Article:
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What is RERA? (Real Estate Regulatory Act)

In order to facilitate transparency in real estate sector, protect the interest of home buyers and boost the investment in real estate sector RERA is come in to picture.

 RERA (Real Estate Regulatory Act) 2016 is an act passed by Indian Parliament. Government of India has enacted the RERA Act 2016 after passing the bill through Lok sabha and Rajya sabha and it came into existence on 1st may 2016 with some of its sections and all the sections of the Act shall come into force with effect from May 1, 2017. Under this Act, Government of Maharashtra established Maharashtra Real Estate Regulatory Authority (MahaRERA), vide Notification No. 23 dated 8 March 2017, for regulation and promotion of real estate sector in the State of Maharashtra.

  • Why RERA

 People generally put in their life long savings to build a house. In past, the real estate market was dictated by terms and conditions formulated by the builders or promoters. For a long time, home buyers have complained that real estate transactions were heavily in favor of builders and developers. Top of it, for them, there were not any competent authority for registering their complains and for redressal of grievances. Buyers were taken for granted by builders and developers.

 RERA (Real Estate Regulations Act) was introduced for protecting and safeguarding the interest of the property buyers. The intent was to ensure that property buyers were not exploited at the hands of the developers or builders. RERA is expected to make real estate purchase simpler, by bringing better accountability and transparency.

  • Which project come under RERA
  1. Residential project, Commercial project and plotted development.
  2. Plotted development measuring more than 500 sq mts.
  3. Residential Projects with 8 units and more.
  4. Project without completion certificate before commencement of the act.
  5. Each phase of the project is to be treated as standalone real estate project requiring fresh registration.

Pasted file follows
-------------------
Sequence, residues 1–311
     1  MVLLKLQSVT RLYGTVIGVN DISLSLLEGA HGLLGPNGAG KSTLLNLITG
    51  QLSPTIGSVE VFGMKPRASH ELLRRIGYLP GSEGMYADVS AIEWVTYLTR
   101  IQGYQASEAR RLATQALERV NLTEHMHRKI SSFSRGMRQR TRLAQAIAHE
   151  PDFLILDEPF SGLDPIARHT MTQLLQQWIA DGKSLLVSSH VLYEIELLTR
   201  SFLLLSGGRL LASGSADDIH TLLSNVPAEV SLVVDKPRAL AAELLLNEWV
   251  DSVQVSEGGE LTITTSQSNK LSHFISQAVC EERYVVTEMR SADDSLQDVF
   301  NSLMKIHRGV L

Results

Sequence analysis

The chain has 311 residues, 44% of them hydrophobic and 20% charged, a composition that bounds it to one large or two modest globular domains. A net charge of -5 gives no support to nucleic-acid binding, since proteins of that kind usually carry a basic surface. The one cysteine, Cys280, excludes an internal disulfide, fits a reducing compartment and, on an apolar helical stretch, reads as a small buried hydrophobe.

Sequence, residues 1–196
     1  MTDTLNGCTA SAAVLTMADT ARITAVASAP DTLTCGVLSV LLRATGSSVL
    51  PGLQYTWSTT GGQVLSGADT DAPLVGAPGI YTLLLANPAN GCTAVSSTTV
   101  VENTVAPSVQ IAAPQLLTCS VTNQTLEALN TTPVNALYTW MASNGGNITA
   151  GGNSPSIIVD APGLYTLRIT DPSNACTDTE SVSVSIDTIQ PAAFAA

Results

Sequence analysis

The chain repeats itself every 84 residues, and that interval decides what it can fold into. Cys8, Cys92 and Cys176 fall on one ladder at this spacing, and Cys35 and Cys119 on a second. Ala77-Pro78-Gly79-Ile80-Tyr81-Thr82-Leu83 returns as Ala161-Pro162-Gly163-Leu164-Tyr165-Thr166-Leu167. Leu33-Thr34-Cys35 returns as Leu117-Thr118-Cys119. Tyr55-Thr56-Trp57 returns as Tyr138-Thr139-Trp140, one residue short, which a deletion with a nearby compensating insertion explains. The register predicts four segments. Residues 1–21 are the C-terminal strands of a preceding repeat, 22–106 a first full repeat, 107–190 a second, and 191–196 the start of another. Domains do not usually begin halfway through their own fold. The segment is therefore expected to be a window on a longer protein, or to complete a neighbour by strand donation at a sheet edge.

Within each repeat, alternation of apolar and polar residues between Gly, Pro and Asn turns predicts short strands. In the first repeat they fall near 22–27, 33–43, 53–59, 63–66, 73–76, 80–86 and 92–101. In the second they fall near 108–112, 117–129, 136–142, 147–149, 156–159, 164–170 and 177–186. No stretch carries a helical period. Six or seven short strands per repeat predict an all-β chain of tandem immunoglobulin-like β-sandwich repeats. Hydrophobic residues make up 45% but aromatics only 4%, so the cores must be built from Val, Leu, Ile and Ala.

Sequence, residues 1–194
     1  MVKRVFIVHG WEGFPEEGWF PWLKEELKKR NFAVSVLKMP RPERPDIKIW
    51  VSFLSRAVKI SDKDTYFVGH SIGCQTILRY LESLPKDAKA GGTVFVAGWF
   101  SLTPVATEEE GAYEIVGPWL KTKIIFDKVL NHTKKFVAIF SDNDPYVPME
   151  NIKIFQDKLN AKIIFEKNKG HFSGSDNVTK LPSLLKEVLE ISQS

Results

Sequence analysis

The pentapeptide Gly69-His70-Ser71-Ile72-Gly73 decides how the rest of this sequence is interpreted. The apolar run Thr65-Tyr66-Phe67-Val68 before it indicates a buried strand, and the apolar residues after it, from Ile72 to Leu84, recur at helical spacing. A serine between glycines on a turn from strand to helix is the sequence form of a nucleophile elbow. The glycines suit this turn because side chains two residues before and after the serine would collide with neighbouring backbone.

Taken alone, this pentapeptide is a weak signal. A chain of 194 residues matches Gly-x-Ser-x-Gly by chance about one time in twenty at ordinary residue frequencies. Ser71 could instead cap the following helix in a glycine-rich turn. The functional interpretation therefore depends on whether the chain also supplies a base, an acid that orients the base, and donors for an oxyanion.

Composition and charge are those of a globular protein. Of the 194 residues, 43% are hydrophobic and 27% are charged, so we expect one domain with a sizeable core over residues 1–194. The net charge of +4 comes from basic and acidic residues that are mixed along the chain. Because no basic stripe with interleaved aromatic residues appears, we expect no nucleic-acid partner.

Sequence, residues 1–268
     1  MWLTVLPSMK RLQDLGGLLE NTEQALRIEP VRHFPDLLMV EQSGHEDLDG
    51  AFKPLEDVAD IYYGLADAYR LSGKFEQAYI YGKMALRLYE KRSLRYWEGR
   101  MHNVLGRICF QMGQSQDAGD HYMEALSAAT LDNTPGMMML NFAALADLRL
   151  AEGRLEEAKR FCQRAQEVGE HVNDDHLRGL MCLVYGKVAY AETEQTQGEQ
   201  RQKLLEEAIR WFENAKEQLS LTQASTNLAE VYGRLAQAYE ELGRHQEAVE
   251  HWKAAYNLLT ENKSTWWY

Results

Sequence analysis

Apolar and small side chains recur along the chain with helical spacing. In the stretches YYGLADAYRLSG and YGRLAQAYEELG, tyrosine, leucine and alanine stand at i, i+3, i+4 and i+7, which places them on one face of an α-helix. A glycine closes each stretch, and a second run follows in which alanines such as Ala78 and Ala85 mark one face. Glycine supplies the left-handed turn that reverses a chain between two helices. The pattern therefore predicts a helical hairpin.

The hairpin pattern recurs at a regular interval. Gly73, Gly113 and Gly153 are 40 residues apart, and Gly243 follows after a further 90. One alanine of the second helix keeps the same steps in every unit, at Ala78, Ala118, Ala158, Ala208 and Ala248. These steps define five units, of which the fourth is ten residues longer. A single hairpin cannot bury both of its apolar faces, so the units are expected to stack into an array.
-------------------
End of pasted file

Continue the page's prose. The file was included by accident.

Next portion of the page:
6. The Project only for purpose of renovation/ repair/ and redevelopment which don’t involve sales and marketing or new allotment of any apartment will not come under RERA
  • Initial Impact of RERA on real estate industry
  1. Initial bottleneck
  2. Increased project cost
  3. Tight liquidity
  4. Rise in cost of capital
  5. Increase project launch time

10 Major Benefits of New RERA Act for Property Buyers

As per the provisions of the Act, all ongoing and upcoming projects must be registered with RERA mandatorily. All projects which are under process or which await issuance of completion certificate as on May 1st, 2019 would fall under the purview of this Real Estate Act. The benefits which would accrue to the property buyers due to implementation of the new provisions of this Act have been discussed below.

  1. Repercussions of defaulting

 The Act subjects both the builder/developer and the buyer to the same rates of interest payable in case of defaults. If the buyer defaults in making timely payments or the builder defaults in handing over possession of the property on time, both of them would be liable to pay interest to the other party at the same rate of interest.

 Before RERA came into the picture the buyer was liable to far higher rates in the event of delay of payments while the builder enjoyed delays in giving out possessions with minimal penalties.

  1. Transparency and complete knowledge about the property

This is one of the biggest advantages of RERA coming into picture. The developer is responsible for sharing all the relevant information with the buyers. These details would include:

  • Plan layout
  • Execution plan
  • Stage wise completion status
  • Status of competition
  • Government approvals related information
  • All the other important details
  1. Standardized definition of carpet area